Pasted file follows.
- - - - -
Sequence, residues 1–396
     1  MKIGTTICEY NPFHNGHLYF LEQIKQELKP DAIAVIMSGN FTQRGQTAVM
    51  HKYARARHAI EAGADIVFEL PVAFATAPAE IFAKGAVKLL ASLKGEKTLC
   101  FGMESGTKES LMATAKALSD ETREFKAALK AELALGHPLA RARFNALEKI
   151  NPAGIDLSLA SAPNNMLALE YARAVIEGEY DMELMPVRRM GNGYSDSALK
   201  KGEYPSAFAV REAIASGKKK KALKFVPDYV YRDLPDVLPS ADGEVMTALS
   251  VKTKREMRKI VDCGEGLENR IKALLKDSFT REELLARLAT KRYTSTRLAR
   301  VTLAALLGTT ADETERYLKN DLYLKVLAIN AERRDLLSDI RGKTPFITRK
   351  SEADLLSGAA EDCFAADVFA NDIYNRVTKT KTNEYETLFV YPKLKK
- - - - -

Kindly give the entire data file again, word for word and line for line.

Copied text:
Sequence, residues 1–396
     1  MKIGTTICEY NPFHNGHLYF LEQIKQELKP DAIAVIMSGN FTQRGQTAVM
    51  HKYARARHAI EAGADIVFEL PVAFATAPAE IFAKGAVKLL ASLKGEKTLC
   101  FGMESGTKES LMATAKALSD ETREFKAALK AELALGHPLA RARFNALEKI
   151  NPAGIDLSLA SAPNNMLALE YARAVIEGEY DMELMPVRRM GNGYSDSALK
   201  KGEYPSAFAV REAIASGKKK KALKFVPDYV YRDLPDVLPS ADGEVMTALS
   251  VKTKREMRKI VDCGEGLENR IKALLKDSFT REELLARLAT KRYTSTRLAR
   301  VTLAALLGTT ADETERYLKN DLYLKVLAIN AERRDLLSDI RGKTPFITRK
   351  SEADLLSGAA EDCFAADVFA NDIYNRVTKT KTNEYETLFV YPKLKK